Unemployment has been a persistent issue that has plagued the country for the past few years. Of course, the pandemic did nothing to help that situation at all. It appears now though that we have at least returned to the pre-pandemic levels of employment, with the unemployment rate currently at 6.9%. This is at the national level, including both urban and rural areas.
In a country as vast and varied as ours, regional disparities are bound to exist. A quick glance at the unemployment rates of some of the northern states when compared to the states of the south provides a window into some of the disparities above.
The BJP recently came to power in Haryana, and one of the main issues that it campaigned on was unemployment. It went as far as to promise that it would introduce quotas for hiring in order to ensure that the local residents of the state would not miss out on opportunities to the migrants, which has apparently been an issue there. It managed to keep its promise and now, it is mandatory for anyone who employs more than 10 individuals to make sure that 75% of their workforce who earn below Rs. 50,000 have to be people who are residents of the state. The party views this as an achievement on its part.
The regional disparities that we mentioned earlier are at play here. One of the reasons why the unemployment rate is so high in states like Haryana has to do with the fact that it lacks skilled labour of its own. Gurgaon has emerged as the country’s second largest IT hub but a lot of the people working there are from outside the state. States like Karnataka, Andhra Pradesh, Telangana, etc. have invested heavily in a skilled workforce which helps ensure that they gain employment, either within the state or elsewhere.
Haryana’s approach to its problem of employment will not really solve anything because it does not tackle the root of the issue. What’s more is that the solution is likely unconstitutional, and if the private sector were to take up the matter in court, the government will be forced to yield. The constitution guarantees every citizen an equal opportunity of employment and the opportunity to move freely within the country and to take up employment wherever they choose to do so. The government, however, may make the claim that since the private sector has benefited heavily from public infrastructure and subsidies, then they may have a duty to the local citizens. Even so, they would be facing an uphill battle in court as constitutional rights would supersede such an argument.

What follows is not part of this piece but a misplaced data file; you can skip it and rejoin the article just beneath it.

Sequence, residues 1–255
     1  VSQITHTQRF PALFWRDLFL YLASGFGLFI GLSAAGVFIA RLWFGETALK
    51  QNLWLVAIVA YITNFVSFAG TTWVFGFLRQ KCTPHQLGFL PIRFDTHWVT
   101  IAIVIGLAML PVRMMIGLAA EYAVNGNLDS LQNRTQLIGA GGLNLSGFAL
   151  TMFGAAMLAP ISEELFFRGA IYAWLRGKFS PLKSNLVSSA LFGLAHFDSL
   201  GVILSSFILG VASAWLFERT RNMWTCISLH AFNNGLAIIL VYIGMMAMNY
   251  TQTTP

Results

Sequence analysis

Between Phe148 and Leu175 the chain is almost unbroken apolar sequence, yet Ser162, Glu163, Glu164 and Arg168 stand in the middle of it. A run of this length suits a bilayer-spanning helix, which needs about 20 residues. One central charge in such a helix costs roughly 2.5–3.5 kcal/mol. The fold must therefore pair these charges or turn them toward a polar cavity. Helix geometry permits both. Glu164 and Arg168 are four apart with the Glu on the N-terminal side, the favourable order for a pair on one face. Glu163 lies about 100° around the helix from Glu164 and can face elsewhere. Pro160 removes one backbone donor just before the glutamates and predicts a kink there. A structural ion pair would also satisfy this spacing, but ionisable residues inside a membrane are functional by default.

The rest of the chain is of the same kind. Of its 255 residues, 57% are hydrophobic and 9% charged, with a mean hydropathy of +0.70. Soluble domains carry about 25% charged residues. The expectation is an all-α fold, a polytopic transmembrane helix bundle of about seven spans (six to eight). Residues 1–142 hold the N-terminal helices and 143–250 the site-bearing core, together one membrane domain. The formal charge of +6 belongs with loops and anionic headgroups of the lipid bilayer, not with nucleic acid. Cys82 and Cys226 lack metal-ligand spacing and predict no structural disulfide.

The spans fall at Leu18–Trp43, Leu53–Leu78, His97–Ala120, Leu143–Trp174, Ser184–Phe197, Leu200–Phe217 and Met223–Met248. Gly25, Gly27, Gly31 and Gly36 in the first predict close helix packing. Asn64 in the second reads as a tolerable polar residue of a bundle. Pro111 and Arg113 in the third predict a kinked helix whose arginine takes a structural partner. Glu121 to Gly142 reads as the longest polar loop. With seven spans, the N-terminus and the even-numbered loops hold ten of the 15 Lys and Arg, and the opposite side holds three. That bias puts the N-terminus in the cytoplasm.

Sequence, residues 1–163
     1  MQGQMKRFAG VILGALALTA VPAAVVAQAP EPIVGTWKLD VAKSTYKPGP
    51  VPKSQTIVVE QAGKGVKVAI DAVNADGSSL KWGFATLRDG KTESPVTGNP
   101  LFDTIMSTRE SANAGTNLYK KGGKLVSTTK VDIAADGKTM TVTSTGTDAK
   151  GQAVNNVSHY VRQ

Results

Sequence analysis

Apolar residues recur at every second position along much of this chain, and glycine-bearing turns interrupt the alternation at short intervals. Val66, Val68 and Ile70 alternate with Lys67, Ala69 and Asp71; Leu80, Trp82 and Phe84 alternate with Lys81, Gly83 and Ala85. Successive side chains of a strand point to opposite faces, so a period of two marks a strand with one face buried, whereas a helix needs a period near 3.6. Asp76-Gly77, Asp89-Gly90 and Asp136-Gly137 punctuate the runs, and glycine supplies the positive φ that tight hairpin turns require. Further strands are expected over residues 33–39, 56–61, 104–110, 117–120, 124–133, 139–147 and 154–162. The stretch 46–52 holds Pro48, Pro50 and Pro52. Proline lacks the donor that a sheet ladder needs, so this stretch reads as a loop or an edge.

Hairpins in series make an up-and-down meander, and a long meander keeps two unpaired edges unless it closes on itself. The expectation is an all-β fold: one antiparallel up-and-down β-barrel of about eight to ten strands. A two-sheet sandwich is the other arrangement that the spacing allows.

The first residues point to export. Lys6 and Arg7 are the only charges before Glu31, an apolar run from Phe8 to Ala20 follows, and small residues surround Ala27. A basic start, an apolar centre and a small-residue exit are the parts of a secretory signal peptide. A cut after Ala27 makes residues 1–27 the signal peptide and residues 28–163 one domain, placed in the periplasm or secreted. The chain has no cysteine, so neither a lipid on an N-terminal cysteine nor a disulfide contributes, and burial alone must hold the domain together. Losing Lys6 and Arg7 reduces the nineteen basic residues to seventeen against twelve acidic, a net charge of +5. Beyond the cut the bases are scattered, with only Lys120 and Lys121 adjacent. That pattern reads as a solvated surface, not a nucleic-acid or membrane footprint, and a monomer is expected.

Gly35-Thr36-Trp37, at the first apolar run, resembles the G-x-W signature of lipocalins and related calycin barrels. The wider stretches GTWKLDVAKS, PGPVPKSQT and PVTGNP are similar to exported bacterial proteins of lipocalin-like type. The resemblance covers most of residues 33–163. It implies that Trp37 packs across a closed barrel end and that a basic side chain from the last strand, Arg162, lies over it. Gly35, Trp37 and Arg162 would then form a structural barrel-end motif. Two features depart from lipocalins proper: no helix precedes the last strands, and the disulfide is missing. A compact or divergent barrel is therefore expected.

What then, should the government try to do? On the one hand they need to follow what other successful states in the country have done and invest in long term holistic development centered around infrastructure and education, that is a given. The issue of unemployment as it is right now needs to be tackled as well. Singapore had a similar problem and approached the issue in the following way. It provided monetary incentives to private firms if it hired local workers. For each worker hired below the age of 40, the firm would receive $15,000 and for each worker above 40, the figure rose to $30,000. The total cost of the programme to the government was $1 billion.
It is obviously difficult to compare Haryana with Singapore, two regions with vastly differing fortunes. Singapore is a rich country with a highly educated workforce and is also very well-developed. Haryana is not any of those things, at least in relative terms. But if Haryana remains committed to its current approach, it will undoubtedly mean more bad than good. Multinational companies that have set up shop there might be forced to move operations outside the state and firms that were planning on moving there will likely reconsider their options. This would also mean a drop in investment into Haryana, which will affect the state’s revenues and further hamper its ability to invest in itself. Some estimates already predict that the job quota will adversely impact 150,000 jobs in the IT sector.
Reservation in jobs has normally been restricted to the public sector, but as jobs in the public sector can not keep up with the growth in the population, the government is looking to the private sector to chip in. Other states have attempted what Haryana is doing, but to much more limited extent. Forcing private businesses to ensure that three quarters of its workforce are local workers is too drastic a step. The government must at the very least consider lowering that requirement to something much more feasible, preferably below one-third. Almost nothing good can come out of the current mandate.